Species diversity within marine ecosystems is an important component of marine biodiversity. Currently, marine biodiversity is widely distributed globally, encompassing various ecosystems such as coral reefs, seagrass beds, deep-sea habitats, and coastal ecosystems. The number and diversity of species vary across different ecosystems, but overall, marine biodiversity is incredibly rich. The distribution of marine biodiversity in different countries or regions is influenced by multiple factors, including water temperature, ocean currents, water depth, and human activities. Alaska is an area with abundant marine biodiversity (Figure 3), supported by its cold waters and rich nutrients, which sustain a diverse range of marine organisms. Marine species in Alaska include Arctic whales, seals, sea lions, and various fish species. The waters surrounding Antarctica are also an area of rich marine biodiversity due to the cold Antarctic waters that harbor abundant planktonic and benthic organisms, including seaweeds, crustaceans, and fish. There are various corals, fish, turtles, and dolphins in the Caribbean Sea. However, the Caribbean Sea also faces numerous threats, including climate change, pollution, and overfishing. The Pacific Ocean, one of the largest oceans globally, hosts a plethora of fish, dolphins, whales, sea turtles, and more, showcasing the impressive complexity and diversity of its ecosystems.



Figure 3 Alaska Sea Area


1.3 Existing threats and challenges

Global marine biodiversity faces numerous threats and challenges, including climate change, ocean pollution, overfishing, and habitat loss. These threats and challenges can result in a reduction of marine biodiversity, species extinction, and ecosystem degradation (Fernanda and Edvaldo, 2018).


1.3.1 Climate change

Climate change leads to rising sea temperatures, which can impact the distribution and growth of marine organisms. Some species may be forced to migrate to more suitable habitats, while others may die due to an inability to adapt to the new temperatures. Additionally, increased temperatures can lead to changes in nutrient availability in the seawater, affecting the stability of marine food chains. As atmospheric carbon dioxide increases, the pH of the oceans is declining, resulting in ocean acidification. This has negative impacts on the survival and reproduction of marine organisms. For example, acidified seawater can affect the shell growth of shell-forming organisms, making them more susceptible to other threats. Climate change also contributes to rising sea levels, which affect coastlines and coastal ecosystems. Rising sea levels can cause shoreline retreat (Figure 4), leading to the loss of coastal wetlands and impacting the habitats and breeding grounds of many marine organisms.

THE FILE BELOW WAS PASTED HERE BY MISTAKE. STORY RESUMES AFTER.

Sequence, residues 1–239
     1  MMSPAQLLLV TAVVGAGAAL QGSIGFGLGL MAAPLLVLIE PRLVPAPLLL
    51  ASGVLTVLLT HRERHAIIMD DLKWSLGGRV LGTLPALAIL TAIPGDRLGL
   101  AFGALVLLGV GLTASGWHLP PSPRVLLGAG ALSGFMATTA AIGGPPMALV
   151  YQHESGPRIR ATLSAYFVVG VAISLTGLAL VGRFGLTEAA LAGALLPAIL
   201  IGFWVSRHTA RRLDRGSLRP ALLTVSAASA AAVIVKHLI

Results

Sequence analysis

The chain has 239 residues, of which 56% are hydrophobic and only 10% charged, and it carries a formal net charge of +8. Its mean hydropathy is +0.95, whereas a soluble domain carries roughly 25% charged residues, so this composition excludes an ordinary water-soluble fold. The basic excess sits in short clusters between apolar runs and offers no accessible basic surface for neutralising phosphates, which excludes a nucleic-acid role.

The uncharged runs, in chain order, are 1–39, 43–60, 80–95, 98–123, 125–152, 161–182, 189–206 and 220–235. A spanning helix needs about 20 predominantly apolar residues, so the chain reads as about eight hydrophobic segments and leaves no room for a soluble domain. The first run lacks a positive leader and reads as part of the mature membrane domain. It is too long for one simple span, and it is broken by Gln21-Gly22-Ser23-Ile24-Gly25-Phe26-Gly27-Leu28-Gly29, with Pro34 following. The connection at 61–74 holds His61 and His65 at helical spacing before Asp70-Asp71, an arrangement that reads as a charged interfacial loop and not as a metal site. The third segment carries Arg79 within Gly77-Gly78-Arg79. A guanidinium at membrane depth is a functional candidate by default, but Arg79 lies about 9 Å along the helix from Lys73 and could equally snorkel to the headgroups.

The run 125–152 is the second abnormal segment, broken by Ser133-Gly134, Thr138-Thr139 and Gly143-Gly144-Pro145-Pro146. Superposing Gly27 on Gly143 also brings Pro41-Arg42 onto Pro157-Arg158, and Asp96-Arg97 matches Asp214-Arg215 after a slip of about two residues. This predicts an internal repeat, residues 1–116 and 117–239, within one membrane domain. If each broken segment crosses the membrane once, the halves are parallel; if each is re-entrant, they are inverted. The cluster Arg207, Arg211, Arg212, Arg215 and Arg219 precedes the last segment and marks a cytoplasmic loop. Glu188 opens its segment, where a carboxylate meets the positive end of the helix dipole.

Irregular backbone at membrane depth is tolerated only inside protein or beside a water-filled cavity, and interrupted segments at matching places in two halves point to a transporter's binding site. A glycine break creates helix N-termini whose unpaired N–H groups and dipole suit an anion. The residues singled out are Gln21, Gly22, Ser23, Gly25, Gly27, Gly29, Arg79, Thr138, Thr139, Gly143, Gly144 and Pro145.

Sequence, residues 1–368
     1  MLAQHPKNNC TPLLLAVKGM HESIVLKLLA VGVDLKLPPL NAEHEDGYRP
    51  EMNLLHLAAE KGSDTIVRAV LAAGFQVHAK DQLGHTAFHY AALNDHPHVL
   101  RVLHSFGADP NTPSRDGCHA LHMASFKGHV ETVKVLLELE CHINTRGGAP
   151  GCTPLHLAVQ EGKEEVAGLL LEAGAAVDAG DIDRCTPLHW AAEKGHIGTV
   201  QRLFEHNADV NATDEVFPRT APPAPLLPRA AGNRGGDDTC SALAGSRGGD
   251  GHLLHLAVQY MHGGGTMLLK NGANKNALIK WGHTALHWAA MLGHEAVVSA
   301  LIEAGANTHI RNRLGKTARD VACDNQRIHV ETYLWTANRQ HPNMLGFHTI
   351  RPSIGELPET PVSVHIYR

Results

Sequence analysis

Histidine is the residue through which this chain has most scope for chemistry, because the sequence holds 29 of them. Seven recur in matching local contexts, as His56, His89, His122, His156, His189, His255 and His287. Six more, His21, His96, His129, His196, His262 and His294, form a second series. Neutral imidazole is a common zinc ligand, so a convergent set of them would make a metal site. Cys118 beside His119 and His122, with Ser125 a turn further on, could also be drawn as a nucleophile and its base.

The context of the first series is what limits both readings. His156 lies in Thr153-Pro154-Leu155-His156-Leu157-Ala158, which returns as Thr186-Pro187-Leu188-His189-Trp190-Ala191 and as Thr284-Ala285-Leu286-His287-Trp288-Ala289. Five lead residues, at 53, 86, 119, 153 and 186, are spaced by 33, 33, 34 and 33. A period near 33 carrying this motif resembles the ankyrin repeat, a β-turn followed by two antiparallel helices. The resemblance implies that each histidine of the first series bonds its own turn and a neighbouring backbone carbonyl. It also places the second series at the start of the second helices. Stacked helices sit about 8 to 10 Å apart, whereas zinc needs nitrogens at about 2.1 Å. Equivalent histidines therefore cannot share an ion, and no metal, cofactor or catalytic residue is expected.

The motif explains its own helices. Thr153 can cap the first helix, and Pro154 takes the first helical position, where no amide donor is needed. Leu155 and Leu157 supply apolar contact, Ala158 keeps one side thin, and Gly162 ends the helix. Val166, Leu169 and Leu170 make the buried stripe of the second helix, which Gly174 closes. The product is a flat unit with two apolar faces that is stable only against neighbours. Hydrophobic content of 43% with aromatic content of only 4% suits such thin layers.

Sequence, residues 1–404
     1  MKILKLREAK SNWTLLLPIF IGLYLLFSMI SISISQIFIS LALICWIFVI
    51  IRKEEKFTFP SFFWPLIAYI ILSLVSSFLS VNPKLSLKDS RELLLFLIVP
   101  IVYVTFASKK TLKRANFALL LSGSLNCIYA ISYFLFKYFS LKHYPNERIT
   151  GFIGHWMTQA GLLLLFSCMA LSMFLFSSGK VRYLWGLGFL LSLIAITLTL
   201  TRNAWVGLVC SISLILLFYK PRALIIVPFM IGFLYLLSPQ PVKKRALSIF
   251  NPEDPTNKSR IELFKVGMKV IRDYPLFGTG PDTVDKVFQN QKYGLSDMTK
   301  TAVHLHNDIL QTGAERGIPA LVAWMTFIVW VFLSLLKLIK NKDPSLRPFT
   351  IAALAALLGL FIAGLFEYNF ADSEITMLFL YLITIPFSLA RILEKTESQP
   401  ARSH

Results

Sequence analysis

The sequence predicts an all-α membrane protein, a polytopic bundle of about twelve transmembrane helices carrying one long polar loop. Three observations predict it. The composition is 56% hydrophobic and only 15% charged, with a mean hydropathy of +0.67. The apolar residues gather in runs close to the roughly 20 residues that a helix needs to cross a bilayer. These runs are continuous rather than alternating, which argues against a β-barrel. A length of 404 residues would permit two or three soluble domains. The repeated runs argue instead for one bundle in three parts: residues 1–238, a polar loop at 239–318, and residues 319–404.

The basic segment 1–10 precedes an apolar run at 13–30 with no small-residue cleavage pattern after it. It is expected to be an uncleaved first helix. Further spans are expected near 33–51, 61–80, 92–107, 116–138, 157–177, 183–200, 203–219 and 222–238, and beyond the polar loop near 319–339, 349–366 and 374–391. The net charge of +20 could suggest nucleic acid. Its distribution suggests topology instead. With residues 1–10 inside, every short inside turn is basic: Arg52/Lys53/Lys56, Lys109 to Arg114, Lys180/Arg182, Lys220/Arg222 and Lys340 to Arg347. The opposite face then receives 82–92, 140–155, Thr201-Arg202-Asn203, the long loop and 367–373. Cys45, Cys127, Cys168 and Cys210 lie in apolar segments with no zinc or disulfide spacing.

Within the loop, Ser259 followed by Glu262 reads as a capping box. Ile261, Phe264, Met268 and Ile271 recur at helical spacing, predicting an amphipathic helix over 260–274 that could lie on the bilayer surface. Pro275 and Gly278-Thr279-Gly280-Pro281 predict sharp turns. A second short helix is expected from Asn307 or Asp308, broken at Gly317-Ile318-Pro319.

Figure 4 The phenomenon of coastline retreat


In recent years, both sea temperatures and sea levels have been rising. According to research by international climate scientists, the global average sea temperature has increased by approximately 0.13 °C to 0.20 °C over the past few decades and is continuing to rise. At the same time, sea levels are also rising at a rate of approximately 3 mm per year. These changes are primarily attributed to climate change caused by human activities such as greenhouse gas emissions and deforestation. The rising sea temperatures and sea levels have significant impacts on marine biodiversity, leading to declines in the populations of many species and changes in ecosystems.


1.3.2 Overfishing

Overfishing is currently one of the primary threats to marine biodiversity, with a large number of fish, shellfish, and other marine organisms being excessively harvested, leading to drastic declines in many species. In recent years, the issue of overfishing has remained severe, with the populations of many fish, shellfish, and other marine organisms declining, and some even nearing extinction. This is primarily due to overfishing and irresponsible fisheries management. The impact of overfishing on marine biodiversity is significant, and if it continues, some species may go extinct, while others will decrease to a level where they cannot sustain their ecological functions, resulting in the collapse of entire ecosystems. Countries such as China, Japan, Indonesia, and the Philippines are among the largest fishing nations globally, and their fishing activities and methods have a significant impact on marine biodiversity. Additionally, fishing activities in regions like Europe and North America are also prominent, and these countries have implemented measures to mitigate the impact of overfishing (Natali, 2023).


1.3.3 Pollution situation

Marine pollution is another significant threat to marine biodiversity, including wastewater discharge, oil spills, and plastic waste, among others. These pollutants have a severe impact on the health and living environment of marine organisms. Wastewater, industrial effluents, chemicals, and other pollutants in the ocean can lead to a decline in water quality. These pollutants can directly poison or kill marine organisms or affect their reproduction and growth. Plastic waste has particularly severe effects on marine organisms, and the harm caused by plastic pollution to marine life includes ingestion, entanglement, poisoning, and suffocation. These will lead to a decrease in the number of many species and changes in ecosystems.